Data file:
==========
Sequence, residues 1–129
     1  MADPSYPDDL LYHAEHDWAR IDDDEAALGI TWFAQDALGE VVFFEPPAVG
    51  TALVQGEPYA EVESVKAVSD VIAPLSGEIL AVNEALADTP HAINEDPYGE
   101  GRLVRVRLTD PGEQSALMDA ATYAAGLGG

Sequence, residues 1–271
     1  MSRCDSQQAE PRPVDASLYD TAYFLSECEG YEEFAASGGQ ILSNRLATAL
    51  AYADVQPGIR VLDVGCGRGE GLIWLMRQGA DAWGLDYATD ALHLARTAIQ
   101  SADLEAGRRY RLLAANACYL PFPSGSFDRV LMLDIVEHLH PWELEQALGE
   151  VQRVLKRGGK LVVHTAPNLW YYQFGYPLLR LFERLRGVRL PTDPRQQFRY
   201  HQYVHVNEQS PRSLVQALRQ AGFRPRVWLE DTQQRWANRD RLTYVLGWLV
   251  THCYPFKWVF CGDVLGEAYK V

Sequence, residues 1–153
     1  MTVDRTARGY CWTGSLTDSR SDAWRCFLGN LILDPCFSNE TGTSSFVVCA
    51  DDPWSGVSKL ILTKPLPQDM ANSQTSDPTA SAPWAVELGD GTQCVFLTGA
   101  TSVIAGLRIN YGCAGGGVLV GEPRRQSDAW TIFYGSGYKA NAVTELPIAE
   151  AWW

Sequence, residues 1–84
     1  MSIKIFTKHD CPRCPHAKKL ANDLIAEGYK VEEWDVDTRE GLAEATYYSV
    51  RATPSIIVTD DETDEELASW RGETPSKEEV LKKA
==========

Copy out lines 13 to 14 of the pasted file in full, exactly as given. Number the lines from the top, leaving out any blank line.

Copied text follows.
     1  MTVDRTARGY CWTGSLTDSR SDAWRCFLGN LILDPCFSNE TGTSSFVVCA
    51  DDPWSGVSKL ILTKPLPQDM ANSQTSDPTA SAPWAVELGD GTQCVFLTGA